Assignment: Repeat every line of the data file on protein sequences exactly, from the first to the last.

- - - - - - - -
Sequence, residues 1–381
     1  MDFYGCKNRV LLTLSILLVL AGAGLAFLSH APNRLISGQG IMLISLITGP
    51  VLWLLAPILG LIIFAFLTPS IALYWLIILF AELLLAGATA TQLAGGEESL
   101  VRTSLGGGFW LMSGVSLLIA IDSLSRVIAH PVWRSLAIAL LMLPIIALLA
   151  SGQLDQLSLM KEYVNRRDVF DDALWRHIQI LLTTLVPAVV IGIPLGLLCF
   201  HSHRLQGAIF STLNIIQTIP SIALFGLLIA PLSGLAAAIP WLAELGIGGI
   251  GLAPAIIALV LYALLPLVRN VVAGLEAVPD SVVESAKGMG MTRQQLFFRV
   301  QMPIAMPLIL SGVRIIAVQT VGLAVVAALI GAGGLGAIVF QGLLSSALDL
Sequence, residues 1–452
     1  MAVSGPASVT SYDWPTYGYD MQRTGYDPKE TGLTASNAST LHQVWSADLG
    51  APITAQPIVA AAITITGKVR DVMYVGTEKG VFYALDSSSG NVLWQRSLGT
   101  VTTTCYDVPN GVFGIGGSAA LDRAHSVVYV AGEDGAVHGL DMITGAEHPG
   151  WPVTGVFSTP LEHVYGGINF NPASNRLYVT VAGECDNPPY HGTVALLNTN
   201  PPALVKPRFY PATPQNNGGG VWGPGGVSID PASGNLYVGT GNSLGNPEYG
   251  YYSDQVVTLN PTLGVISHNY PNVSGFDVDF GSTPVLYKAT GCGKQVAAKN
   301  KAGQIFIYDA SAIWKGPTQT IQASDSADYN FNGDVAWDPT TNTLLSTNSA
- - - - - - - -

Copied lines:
Sequence, residues 1–381
     1  MDFYGCKNRV LLTLSILLVL AGAGLAFLSH APNRLISGQG IMLISLITGP
    51  VLWLLAPILG LIIFAFLTPS IALYWLIILF AELLLAGATA TQLAGGEESL
   101  VRTSLGGGFW LMSGVSLLIA IDSLSRVIAH PVWRSLAIAL LMLPIIALLA
   151  SGQLDQLSLM KEYVNRRDVF DDALWRHIQI LLTTLVPAVV IGIPLGLLCF
   201  HSHRLQGAIF STLNIIQTIP SIALFGLLIA PLSGLAAAIP WLAELGIGGI
   251  GLAPAIIALV LYALLPLVRN VVAGLEAVPD SVVESAKGMG MTRQQLFFRV
   301  QMPIAMPLIL SGVRIIAVQT VGLAVVAALI GAGGLGAIVF QGLLSSALDL
Sequence, residues 1–452
     1  MAVSGPASVT SYDWPTYGYD MQRTGYDPKE TGLTASNAST LHQVWSADLG
    51  APITAQPIVA AAITITGKVR DVMYVGTEKG VFYALDSSSG NVLWQRSLGT
   101  VTTTCYDVPN GVFGIGGSAA LDRAHSVVYV AGEDGAVHGL DMITGAEHPG
   151  WPVTGVFSTP LEHVYGGINF NPASNRLYVT VAGECDNPPY HGTVALLNTN
   201  PPALVKPRFY PATPQNNGGG VWGPGGVSID PASGNLYVGT GNSLGNPEYG
   251  YYSDQVVTLN PTLGVISHNY PNVSGFDVDF GSTPVLYKAT GCGKQVAAKN
   301  KAGQIFIYDA SAIWKGPTQT IQASDSADYN FNGDVAWDPT TNTLLSTNSA